As usual, Representative Alexandra Ocasio-Cortez (D-NY) ("AOC") was way ahead of most Democratic leaders, as well as the media in drawing attention to the Trump/Miller regime's cruelty, brutality and human rights violations against Central American and other nonwhite immigrant children by calling the CBP hellholes where they have been locked up "concentration camps".

In response, some of Trump's supporters have engaged in a cynical and diversionary smear campaign against AOC based on her use of the term "concentration camps", which are generally associated with gas chambers, extermination and the holocaust. But, as Dahlia Lithwick points out in a June 19 column in, not only does the term "concentration camp" have a broader meaning that is not limited to the holocaust extermination of the Jews, one of the most terrible chapters in all of human history, but the entire argument over AOC's use of these words is completely beside the point. See:

The AOC-Liz Cheney "concentration camp" fight might be a distraction;

The issue is not who is right in a semantic debate over the meaning of "concentration camps", or whether using this term implies any lack of respect to holocaust victims (which it does not). The issue is what the Trump regime is doing to immigrant children now, in the United States of America in the second decade of the 21st century. And as Eugene Robinson writes in the June 24 Washington Post concerning Trump's immigrant child detention agenda:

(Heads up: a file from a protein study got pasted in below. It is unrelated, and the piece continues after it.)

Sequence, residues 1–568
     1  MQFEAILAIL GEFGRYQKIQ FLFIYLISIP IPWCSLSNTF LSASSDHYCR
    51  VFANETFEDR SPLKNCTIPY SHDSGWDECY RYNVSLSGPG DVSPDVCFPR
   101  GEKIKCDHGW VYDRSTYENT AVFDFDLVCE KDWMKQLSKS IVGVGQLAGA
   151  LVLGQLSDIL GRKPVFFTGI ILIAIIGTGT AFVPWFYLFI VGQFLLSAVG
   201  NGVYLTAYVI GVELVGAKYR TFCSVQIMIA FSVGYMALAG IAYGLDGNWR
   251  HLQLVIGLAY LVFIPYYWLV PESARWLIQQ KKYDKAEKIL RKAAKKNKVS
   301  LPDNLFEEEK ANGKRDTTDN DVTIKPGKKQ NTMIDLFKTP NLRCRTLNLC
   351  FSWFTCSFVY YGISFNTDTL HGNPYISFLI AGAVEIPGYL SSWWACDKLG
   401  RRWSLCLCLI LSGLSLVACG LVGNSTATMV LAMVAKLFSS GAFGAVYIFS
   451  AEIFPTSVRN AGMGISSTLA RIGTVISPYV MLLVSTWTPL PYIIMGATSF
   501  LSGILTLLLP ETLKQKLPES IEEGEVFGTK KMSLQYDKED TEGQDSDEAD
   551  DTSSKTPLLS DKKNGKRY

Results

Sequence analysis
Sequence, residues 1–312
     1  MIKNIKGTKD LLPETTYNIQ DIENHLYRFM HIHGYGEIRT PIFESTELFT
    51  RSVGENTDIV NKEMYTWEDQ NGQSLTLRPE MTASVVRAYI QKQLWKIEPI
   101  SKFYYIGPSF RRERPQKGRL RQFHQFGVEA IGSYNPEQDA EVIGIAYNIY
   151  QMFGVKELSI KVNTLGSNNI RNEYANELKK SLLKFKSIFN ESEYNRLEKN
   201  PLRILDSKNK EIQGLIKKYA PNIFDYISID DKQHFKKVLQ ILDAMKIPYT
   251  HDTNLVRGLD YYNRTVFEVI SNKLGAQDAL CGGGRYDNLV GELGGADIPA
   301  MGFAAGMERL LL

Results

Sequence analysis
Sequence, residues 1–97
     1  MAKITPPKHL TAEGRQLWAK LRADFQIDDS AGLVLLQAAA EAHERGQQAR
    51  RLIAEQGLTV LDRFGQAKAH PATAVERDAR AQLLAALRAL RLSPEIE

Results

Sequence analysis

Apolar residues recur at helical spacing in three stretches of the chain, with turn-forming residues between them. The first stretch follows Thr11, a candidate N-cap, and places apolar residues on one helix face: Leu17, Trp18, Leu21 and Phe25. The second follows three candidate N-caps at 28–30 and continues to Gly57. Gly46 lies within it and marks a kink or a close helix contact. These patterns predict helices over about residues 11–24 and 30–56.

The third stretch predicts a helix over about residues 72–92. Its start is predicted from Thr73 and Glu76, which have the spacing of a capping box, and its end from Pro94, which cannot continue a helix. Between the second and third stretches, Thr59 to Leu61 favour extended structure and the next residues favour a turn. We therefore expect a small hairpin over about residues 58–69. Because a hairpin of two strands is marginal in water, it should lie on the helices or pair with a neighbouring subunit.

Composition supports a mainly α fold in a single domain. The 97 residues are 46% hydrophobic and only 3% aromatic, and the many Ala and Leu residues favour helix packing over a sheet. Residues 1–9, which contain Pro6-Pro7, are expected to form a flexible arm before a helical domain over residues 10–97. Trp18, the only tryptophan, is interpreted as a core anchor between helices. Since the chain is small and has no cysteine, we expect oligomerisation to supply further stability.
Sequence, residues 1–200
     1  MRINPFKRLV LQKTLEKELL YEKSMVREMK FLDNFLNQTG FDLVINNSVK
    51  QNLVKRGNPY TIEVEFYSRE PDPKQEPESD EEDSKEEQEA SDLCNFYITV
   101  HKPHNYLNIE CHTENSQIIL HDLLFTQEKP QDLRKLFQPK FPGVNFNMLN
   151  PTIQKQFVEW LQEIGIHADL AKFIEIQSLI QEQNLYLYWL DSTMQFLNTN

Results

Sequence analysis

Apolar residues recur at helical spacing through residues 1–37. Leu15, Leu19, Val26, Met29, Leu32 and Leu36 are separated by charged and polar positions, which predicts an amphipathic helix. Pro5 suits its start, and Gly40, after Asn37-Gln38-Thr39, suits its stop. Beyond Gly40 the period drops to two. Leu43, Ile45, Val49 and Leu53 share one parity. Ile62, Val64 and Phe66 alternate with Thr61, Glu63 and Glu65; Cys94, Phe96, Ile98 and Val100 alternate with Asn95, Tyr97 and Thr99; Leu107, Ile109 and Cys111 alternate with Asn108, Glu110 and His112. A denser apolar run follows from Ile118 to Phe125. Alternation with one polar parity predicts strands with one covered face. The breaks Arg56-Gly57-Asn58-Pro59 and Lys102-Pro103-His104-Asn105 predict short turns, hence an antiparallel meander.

"President Trump's immigration policy has crossed the line from gratuitous cruelty to flat-out sadism."

See: This is the reality of Trump's America

Robinson continues by quoting Willamette University law professor W. Warren Binford, who has visited one of the camps (sorry, I meant "centers"), and interviews many of the detained children::

"They [the children] were filthy dirty, there was mucus on their shirts...There was food on their shirts, and the pants as well. They told us they were hungry. They told us that some of them had not showered until the day or two before we arrived. Many of them described that they only brushed their teeth once...

So, in any event, the children told us that nobody's taking care of them, so that basically the older children are trying to take care of the younger children...

Many of the children reported sleeping on the concrete floor. "

These are only some of the horrible conditions that Robinson describes in his article. he concludes:

"But this is a humanitarian crisis of Trump's making. A president who panders to his base by seizing billions of dollars from other programs to build a 'big, beautiful wall' also panders to his base by cruelly treating brown-skinned migrant children like subhumans.

Do not look away. This is the reality of Trump's America. Deal with it."

But how should we, as lawyers and immigration advocates deal with it? One solution is to look way ourselves. The fact that young children - some only infants - are being tormented and treated like animals in detention centers under horrendous conditions which may or may not bear comparison with concentration camps may not be directly related to our own particular areas of concern, whether H-1B RFE's, new public charge regulations, EB-5 retrogression or whatever else we may be concerned with on a day-to day basis.

But does this mean we should also look away? Or should be be calling for Donald Trump's impeachment for crimes of violence, as a courageous columnist by the name of James Bassett is doing in a June 24 column a paper called the Indiana Daily Student? See:

OPINION: The President's crimes of violence toward immigrants are grounds for impeachment grounds-for-impeachment

I will discuss this article, and the legal grounds for impeaching Donald Trump because of his cruelty and sadism toward brown immigrant children, in Part 2 of this two-part series.

Roger Algase
Attorney at Law